1925-12-25; Clare Sentinel
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MJI'UU ■' mmmmmmwmiim mmm, ' Everybody Reads WE. GLAHE SENTINEL Established 1878 STINCHCOMBE FAMILY WRITE HOME FOLKS Farwell Mail Carrier and Family Enjoying Leave of Absence and Are Spending Winter in West. CLARE, MICHIGAN.'FRIDAY MORNING, DECEMBER 25, 1925 winter term at c.h;n. begin; • january 4th Buildings and Equipment Being Rushed to Care for Large Enrollment Expected. The interesting letter relating the experiences of the Chas. Stinchcombe family on their sojourn to the Golden State was sent to us for publication by Mr. and Mrs. H. G. Baker, of Far- well. We are confident that their many acquaintances will be pleased to know all are enjoying the trip immensely. 345 Alta Ave., Whittier, Cal., Dec. 10, 1925 Dear Folks: Am thinking of you all this morning and must write. We arrived here two weeks ago last Friday evening. Our trip was very interesting, altlio to begin with we all felt homesick after waving good bye to the dear friends at the depot ancl leaving tne little spot on the earth's surrace into which I have put more than forty years of my life except for short journeys away. As we left the train at Saginaw we espied the smiling face of Mabel Fisher and a visit with her matte our stay ra Saginaw very pleasant. Then at Flint the tall figure of my dear hroth- er was first to great us ana tlian Frank and Bertha appeared, so our wait there seemed very short. At Flint we found much more snow than at home ancl it continued to grow deeper as we reached the Indiana line. A lady from central Indiana said tliey had eight inches on a level As we neared Chicago the display of lights was beautiful and all the world seemed to be one vast city us we rode for an hour or more. The Dearborn station at Chicago was thronged with people all in a hurry, noisy trains, autos, trucks, cabs rusn- ing here and there in the darkness and it seemed to me it would be impossible for us to get on the right train, notwithstanding that "green ticket-a-yard-long," but before long Mr. Stinchcombe found a stand whore he must show that ticket ancl behold! they kept all the tickets and gave him just a "scrap of paper" ancl hurried us out thru a loug dimly lighted corridor to a certain coacn in a long train of ten coaches. As we were hurried and pushed inside we discovered ..the beds were all made up for night and found our section. This was all new and very different from what l nad expected: for there was so little room ancl the porter was busy waiting on a lot. of other folks as green as u*. Edith groaned and said she could ncn sleep without her window up. Charlie and Homer climbed in the booth above in a very undignflea maniu-;-. (Undignified does not express it.) but after awhile we got stretched out and -were thankful for the rest. Our train bumped along out of Chicago in a way that made us feel lire was very uncertain, but finally settled down to a steady pull and all was timet. The first rays of daylight found us in Missouri. There was no snow in sight but mud every where and if there is anything interesting in Missouri I will have "to be shown." Kansas City with its high buildings and hustle made, us think of Flint. We noticed Montgomery Ward's store building near tne depot and were surprised to find tne Missouri river a muddy ugly looking stream Having our lunch box we ate when the train was moving and always got out and walked when the train stopped. Well, from Kansas City they switched us around so that we went by way of Topeka, a much less direct route than our ticket called for, but Topeka is an . interesting city. We climbed up so that we could see thti capital building and some beautiful homes. The sun shone warm, streets were dry ancl clean. People moved leisurly about, looked happy and I decided I would like to live in Topeka. Here we saw our first cowboy fixed up with all the trimmings and looked 'in every way like the ones we react about. Here we realized for the first time that we had really left winter behind, for it looked about like September 1st at home. We traveled all day in Kansas, thru wonderful farming country. Cattle, hogs, great corn and wheat fields many grist mills and thru oil fields. One well was close to the track and we saw the on on water beside the coacn. We went to bed in Kansas and the first rays of morning light showed us some reai Texas steers and the conductor tola us we had passed thru Okianoma in the night-and were now in the panhandle of Texas and that we would enter New Mexico and have breakfast at Clovis at 8 o'clock. We were surprised to see a heavy white frost every where this morning in Texas and it looked like a cold morning at home the last,of September. Have seen no stumps, and trees only where set out since entering Kansas. Texas plains strtched as far as the eye could reach covered with a (Continued on Last Page) Rapid progress in the erecting and equipping of the frame building on the campus of Central Michigan Normal School indicates that the Mt. Pleasant Normal will be adequately prepared to take care of the large enrollment expected for the winter term, which starts Monday, January 4th. Central . Normal's Administration Building was destroyed by fire, December 7. Those three new buildings will provide classrooms and a- cafeteria that previously had been housed in the Administration Building. ■ Within the past two weeks Central Normal has been acquiring a new library of several thousands of volumes to replace the collection that was de-- stroyed by fire. The dormitory's recreation room has been transferred into a general library for the school, a handsome outside entrance has been completed for the library's new headquarters. The $25,000 emergency fund appropriated by the state for the purchase of books to replace those lost by the fire and also the regular school funds available for the library, are being expended rapidly for thousands of books. The librarian and assistants are spending the holiday vacation cataloging and classifying the new books to have them ready for use by the students at the beginning or the new term. Already much equipment has been received ancl made ready for the new buildings. The schedule for the winter term has been arranged so as not lo interfere with the usual work t-:u- riPd cm at the other four :arj,' buildings of the campus. During tlu» ms; ten days of the fall term, following the fire, classes were held in neariy every available space in the other buildings. Such crowding will not be necessary during the coming term, since two of the new buildings are exclusively for class rooms. In view of these ample preparations Central Normal is bound to nave a most succsssful winter term. Demonstration of loyalty on the part of present students and many letters from prospective new students are forecasts of a large enrollment. MACCABEES VOTE MALGAMATION Two-third Vote Secured in Four Day Fight at Detroit Convention. The convention of the Ladles of the Maccabees, held at Detroit recently to vote on a proposed merger with tne Men's organization of the Maccabees, resulted in a vicious fight between the proponents of the plan, under the leadership of Mrs. Frances E. Burns, Great Commander, ancl the opponents led by Mrs. Care, which lasted four days, during which time, four ballots were taken on the proposition, the. final vote approving the amalgamation by a necessary two- thirds majority Following the first ballot, Mrs. Burns and Mrs. Anna O. Holthe, past grand commander, feeling the. adverse vote reflected upon their administration, presented their resignations from office. In order that a split in the body might be avoided, the convention voted to reconsider the vote, and the resignations of Mrs. Burns and Mrs. Holthe were tabled. As a result of the balloting Friday night, December 11th, which approved the proposed merger, It is expected that the courts will be asked to enjoin the state insurance commissioner from recognizing the consolidation, according to a statement issued Saturday by William P. Turgle, spokesman for the insurgent group. LAUNDRY RECEIVED AT FRIZ'S STORE For the benefit of my patrons, I wish to announce that laundry for the Cadillac Steam Laundry will be received at the A. N. Friz store, first door north of the Princess theatre. Bundles brought before Tuesday evening will be returned the latter part of the) week. 9t2 Glenwood Holmes, Agent. ERROR CORRECTED. Last week through an error the price of beans was quoted at ?5.30, or one dollar too high for the Clare Elevator. This undoubtedly caused a few smiles as well as much inconvenience for which we take the blame and will try and be more careful next year. FOR POOR CHILDREN Last Minute Appeal Being Made to Secure Funds For Needy Ones. A last minute appeal to secure funds to provide a Happy Christmas for hundreds of homeless children under its care has been broadcasted by the Michigan Children's Aid Society through newspapers all over the state. These poor unfortunate children ;:re dependent for whatever they get upon this society and it is trying hard to collect money enough to provide lor every child. Up to this year the Society has confined its appeal to a mailing list of those who have previously contributed to the work but in addition to Santa Claus letters this year a general appeal is being made to secure additional money. Last year the Michigan Children's Aid Society touched the lives of 3, 103 children scattered all over Michigan. These children are all worthy of help and need it badly. Some are orphans, some have been deserted by parents (many as mere babies), and some are sick and crippled. The Society takes them and cares for them, provides a good home, and many are eventually legally adopted into splendid homes. All of this work costs money and the general public is asked to send in a Christmas contribution either through this newspaper or directly lo the Society at its headquarters. Letters addressed to Box 384, Lansing, will be gratefully acknowledged and the money so received put to splendid use. Locals to Play Alumnae Team New Year's Night, Friday evening the second hlgn- school basket ball game waB piayect at Gladwin, The boys showed great improvement over the nrst game which we thought was fine. The two new men for this year, Brown ana White, are steadily showing improvement. Petchnik is playing a fine game in his new position at running guard as is shown in the ract that due to his work and that of White only one short shot by Gladwin reached tne basket during the entire game. Johnson and Comer had an eye for tne basket and played a fine game against large men who were the Gladwm guards. LINEUP: Clare Gladwin Johnson, F, Thorington, F. Comer, F. Riethel, i\ Brown, C. Cowan, u. Petchnik, (i. Kinne, G. White, G. Tinnon, G. Friday, January 1st, (New Years night) both the boys and girls play the Alumnaes. The Alumnaes lineup is as yet not settled but this promises to he an exciting game.. SEES POOR FEEDING WORST DAIRY EVIL A WORD TO Low Average Milk Production For State Blamed on Im- - proper Rations for Herds". WEET eve eternal! Wondrous night! Aglow with songs and candlelight; Aglow with dreams and mystic spells Of Santa Claus and Christmas bells! LET my dreams of Youth run free! Glad Chrifetmas eves, come back to me! Change me to child! Let me once more Go nightie-clad to Dreamland's door. —William Herschell St. i\ &m. PLANS IN READINESS FOR JUNIOR PARTY Evening Program of Such Nature as to assure all a Good Time. The arrangements are all made and committees are appointed ror tho Junior Community party to be given for the young people ot Clare at Duncan's hall on Tuesday evening, December 29th, from eight to eleven o'clock. Only those young people from the seventh grade up and actually residing in Clare will be admitted. The entire program of the evening will be of such a nature that all will have a good and profitable time. The Clare Study Club is putting forth an extra effort to make it a success for they feel that our young people should have these recreation and amusement advantages, with proper supervision. DANCE AT LOOMIS. Dance at Loomis every Wednesday night commencing December 16th. Music by Gladwin County Foot Warmers. Princess Theatre December 25 to January 1st Christmas—The Making of O'Mally —Milton Sills—A picture the wkhole. family will enjoy. Sat. 26—Contraband—Lois Wilson— 3 miles out in a sea of thrills and adventure. Sunday—Fourty Winks—Theodore Roberts and cast—A short title—A long laugh. Mon., Tues., Wed.—I'll show you the town—Reginald Denny—A comedy bubbling with fresh and novel( situations. You will laugh long and heartily as you follow Denny in his fool hardy attempt the show four zealous woman the town. Thur.,Fri.—Grounds for Divorce— Florence Vidor. Serial—The Riddle Rider—Wm. Desmond. Matinee Tuesday-»-3:30— 20c-10c, THE RIDDLE RIDEft A story of the-western Rangers ana Cow Men, and how they fought to protect their property and sights, against the oil snydicates—-Wan Madden who owns the ranch which contains the oil,—ancl the Riddle Rider a masked man—have many thrilling adventures and narrow escapes. CLARE PIONEER LAID TO REST Mrs. Emily Brownell Came to Clare in 1873 and Has Made Home Here Since. Mrs Emily Brownell, who is believed to have been the oldest resi- dnt ot the city, passed away at her home on South McEwan street Wednesday, December 16th. She was 98 years of age and the widow of a Civil war veteran. Her son, Orin Brownell, who lives at Detroit, is her only known relative, and he was present at the funeral services which were held from the C. A. Thurston residence *on West Fifth street last Saturday afternoon. Rev. H. B. Johnson officiating and burial made in the Cherry Grove cemetery. Notice Parties owing me can settle their accounts at the Clare County Savings Bank. 8t2. Grant Terwilliger. LUAL EfctfUiAHiS If I trr.de OaU of town, and you trace of tow.!, KiiJ everybody elso trades out of town, what in this world is going to become of our town?" Mr. Merchant: This certainly is the truth, ancl it applies to all towns, large and small. You are a storekeeper, a distributor of merchandise in your town, and are depending on the patronage of the people of the town ancl perhaps the country adjacent. If everybody bought your line of goods away from your town, you would, of course, have to move out. The civic spirit of buying at home is the thing th'at builds up a town. If a town is worth living in, it is worth trading in. Now, then, Mr. Merchant, there are insurance agents in your town. They represent some of the best "Old-line" companies in existance, ana like yourself, they have a position to maintain. They put out quality goods, ana they give the best insurance service before and after the fire. Do you buy your fire and Tornado insurance "At Home' from these local agents who live among you, or do you huy it away from your town from mail-oraer mutuals? These agents will have to move away if no one in their home town buys what they have to sell. The residents ot your own are paying taxes to furnish you fire and police protection, school advantages ana other local benfits. You get no support from non-residents ror this protection. Think this over, Mr. Merchant, as the cases are parallel. Adv. Clare Realty Co., inc. ELLEN BROWN. Little Ellen Brown, twin daughter of Mr. and Mrs. Don Brown, of Bight Point lake, was born March 27th, 1920, and passed into its heavenly home on December lfth, 1925. Cause of death being scarlet fever. The little child was loved by all for her winning ways and will he sadly missed by her loving parents, two brothers ancl two sisters. The twin sister, Helen was seriously ill with the same disease but is now out of danger. Two other children are ill at this time. The family have the sympathy of their many friends and relatives in the time of their sorrow and illness. X That Michigan's comparatively low- average milk production Is due more to poor feeding practices on the part of the state's dairy farmers than to any other one cause is the belief of Prof. O. E. Reed, head of the dairy department at the Michigan State College. Illustrations of the effect of corrected feeding in increasing production in herds are given in a circular on "feeding hints" just sent out by Professor Reed. It was in this pamphlet that the college dairy authority gave "underfeeding ancl improper feeding" as the prime causes of low milk production in the state "Tho first principle to learn in feeding dairy cows is to keep them full ac all times." says Professor Reed. "It they are cows of the type that put the feed on their backs they should not be kept in the dairy, but should be disposed of for beef. • It is not always the amount of feed that is responsible for low production, but the kind una quality of the feed has the greatest influence upon production. The kino and quality of feed also has a great influence upon the economy or production. "Many barns this winter afe fillecr with shredded fodder and timothv hay, and the cows in these barns will have these feeds as their main diet, as far as roughage goes. These are the most expensive feeds. If one should attempt to balance v. ration for an average cow by furnisning the proper kir-ds of grain to go with timothy luiy and corn fodder, no- would find, if he kept tracs or the expenditures, that it would cost him practically twice as much to ouy the necessary grain to balance this ration as the cost of the grain that would he necessary to balance a ration with alfalfa hay as the roughage. "For full ancl complete instructions on feeding your cows, write to tne Dairy Husbandry Division, Michigan State College, East Lansing, Michigan. When writing for mrormatioii on feeding, be sure to state what kind of roughage and grain you have on. hand." ' , 0. E. S. MEETING. Regular meeting O. E. S. Friday evening, January 1st. This being New Years night the Chapter will have a Bocial evening, all are asked to have some thing for entertainment. A pot luck supper will be served, to which husbands are invited. Come and have a good time. FEED GRINDING I will do feed grinding at my farm 1 1-2 miles north of Colonville on Tuesday and Friday of each week. Will grind any time if date is made in advance. 9t2. Carl Garshow. All velvet hats at reduced prices at the Style Shoppe.—adv, MR. AND MRS. ST. NICHOLAS VISITED CONG'L. CHURCH The Congregational cnurch was filled to capacity last Sunday evening and it was necessary to place chairs in the aisles, to accomodate the congregation. The Sunday school had charge of the program. The children who took part had their songs and. recitations well learned and needed no prompting. At the close of the program, Santa Claus arrived and as a special treat brought his wife with him. They distributed sacks of candy to all or the children present. FORMER CLARE LADY DIES AT DETROIT News of the death of Mrs. Kittie Goodman, a former Clare resident, but for the past several years located at Detroit, reached Clare friends last week Thursday. The funeral was held from tho home Saturday and interment made in a cemetery of that city. We hope to be able to secure more details for next week. ag3!aa^aiirTrTr*^'^^'^ "r. >.-«,. .-^. "tV-^ ■mtrJ»L^^.<!Jl»**tft i>. ■■ V.-v.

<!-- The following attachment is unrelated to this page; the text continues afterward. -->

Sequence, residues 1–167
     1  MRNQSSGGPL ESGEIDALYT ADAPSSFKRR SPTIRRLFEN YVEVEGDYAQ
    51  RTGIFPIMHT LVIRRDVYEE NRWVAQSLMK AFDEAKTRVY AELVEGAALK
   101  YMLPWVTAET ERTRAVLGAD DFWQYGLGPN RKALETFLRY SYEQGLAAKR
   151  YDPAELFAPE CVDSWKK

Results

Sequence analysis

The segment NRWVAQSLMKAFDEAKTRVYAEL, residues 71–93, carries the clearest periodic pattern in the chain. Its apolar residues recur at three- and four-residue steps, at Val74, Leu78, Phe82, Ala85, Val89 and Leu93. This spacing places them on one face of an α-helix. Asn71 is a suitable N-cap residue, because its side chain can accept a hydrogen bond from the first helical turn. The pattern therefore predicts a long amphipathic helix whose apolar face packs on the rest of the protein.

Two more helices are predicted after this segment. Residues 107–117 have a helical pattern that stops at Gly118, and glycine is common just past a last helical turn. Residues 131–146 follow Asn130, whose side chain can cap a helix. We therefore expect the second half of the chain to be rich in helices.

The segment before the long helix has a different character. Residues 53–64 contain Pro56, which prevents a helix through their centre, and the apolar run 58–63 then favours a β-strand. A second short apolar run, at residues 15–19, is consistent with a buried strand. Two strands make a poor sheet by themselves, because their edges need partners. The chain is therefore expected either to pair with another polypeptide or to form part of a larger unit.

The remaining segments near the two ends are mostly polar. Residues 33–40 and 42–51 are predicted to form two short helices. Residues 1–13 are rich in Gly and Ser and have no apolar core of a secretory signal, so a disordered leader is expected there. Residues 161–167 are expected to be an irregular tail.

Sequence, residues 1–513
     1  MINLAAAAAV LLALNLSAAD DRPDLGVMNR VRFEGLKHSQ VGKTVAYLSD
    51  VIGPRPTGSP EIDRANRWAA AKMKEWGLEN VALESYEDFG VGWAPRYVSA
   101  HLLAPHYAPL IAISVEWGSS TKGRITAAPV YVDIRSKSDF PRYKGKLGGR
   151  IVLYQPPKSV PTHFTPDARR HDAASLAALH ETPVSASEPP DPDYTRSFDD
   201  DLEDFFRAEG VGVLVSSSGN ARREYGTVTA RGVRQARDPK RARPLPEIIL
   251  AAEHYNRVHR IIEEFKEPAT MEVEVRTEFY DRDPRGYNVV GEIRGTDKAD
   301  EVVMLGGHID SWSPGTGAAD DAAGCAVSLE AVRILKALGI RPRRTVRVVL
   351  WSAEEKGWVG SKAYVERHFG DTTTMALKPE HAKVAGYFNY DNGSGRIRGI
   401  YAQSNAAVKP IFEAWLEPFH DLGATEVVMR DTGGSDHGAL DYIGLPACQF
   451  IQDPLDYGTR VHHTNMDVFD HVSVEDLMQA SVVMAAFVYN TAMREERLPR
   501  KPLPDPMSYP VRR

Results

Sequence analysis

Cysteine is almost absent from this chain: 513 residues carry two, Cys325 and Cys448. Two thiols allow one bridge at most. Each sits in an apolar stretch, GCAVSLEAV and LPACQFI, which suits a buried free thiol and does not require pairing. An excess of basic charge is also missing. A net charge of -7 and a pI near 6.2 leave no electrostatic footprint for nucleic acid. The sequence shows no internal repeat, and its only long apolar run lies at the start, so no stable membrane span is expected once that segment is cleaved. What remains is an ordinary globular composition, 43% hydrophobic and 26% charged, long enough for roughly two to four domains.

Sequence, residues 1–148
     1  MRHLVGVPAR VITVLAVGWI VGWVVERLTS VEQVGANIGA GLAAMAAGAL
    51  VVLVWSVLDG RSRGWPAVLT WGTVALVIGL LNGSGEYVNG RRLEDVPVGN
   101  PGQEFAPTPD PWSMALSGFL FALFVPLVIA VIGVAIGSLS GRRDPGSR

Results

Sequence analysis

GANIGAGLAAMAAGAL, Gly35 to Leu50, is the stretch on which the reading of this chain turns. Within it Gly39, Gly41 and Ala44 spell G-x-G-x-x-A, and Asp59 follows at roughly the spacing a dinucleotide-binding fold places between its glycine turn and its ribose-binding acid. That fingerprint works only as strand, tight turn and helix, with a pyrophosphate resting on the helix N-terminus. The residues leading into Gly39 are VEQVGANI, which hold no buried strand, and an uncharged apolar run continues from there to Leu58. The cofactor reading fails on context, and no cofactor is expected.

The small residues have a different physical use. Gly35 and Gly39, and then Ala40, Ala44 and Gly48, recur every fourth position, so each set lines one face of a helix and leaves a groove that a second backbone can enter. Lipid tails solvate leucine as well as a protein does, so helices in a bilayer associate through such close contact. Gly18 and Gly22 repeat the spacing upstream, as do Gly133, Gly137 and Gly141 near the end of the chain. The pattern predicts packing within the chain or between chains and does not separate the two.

|Title||1925-12-25; Clare Sentinel|
|Publisher||R. G. & F. A. Jefferies|
|Description||Friday, December 25, 1925 issue of a Clare, Michigan newspaper. Published weekly. Began publication in 1896. Previously known as Clare Sentinel and the Democrat-Press. In 1923, absorbed the Clare Courier.|
|Subject/Keywords||Clare (Mich.) - Newspapers; Clare County (Mich.) - Newspapers;|
|Copyright Permission||1923-1999: Copyright to the Clare Sentinel is held by the newspaper. Copyrighted material is reproduced with the permission of the newspaper.|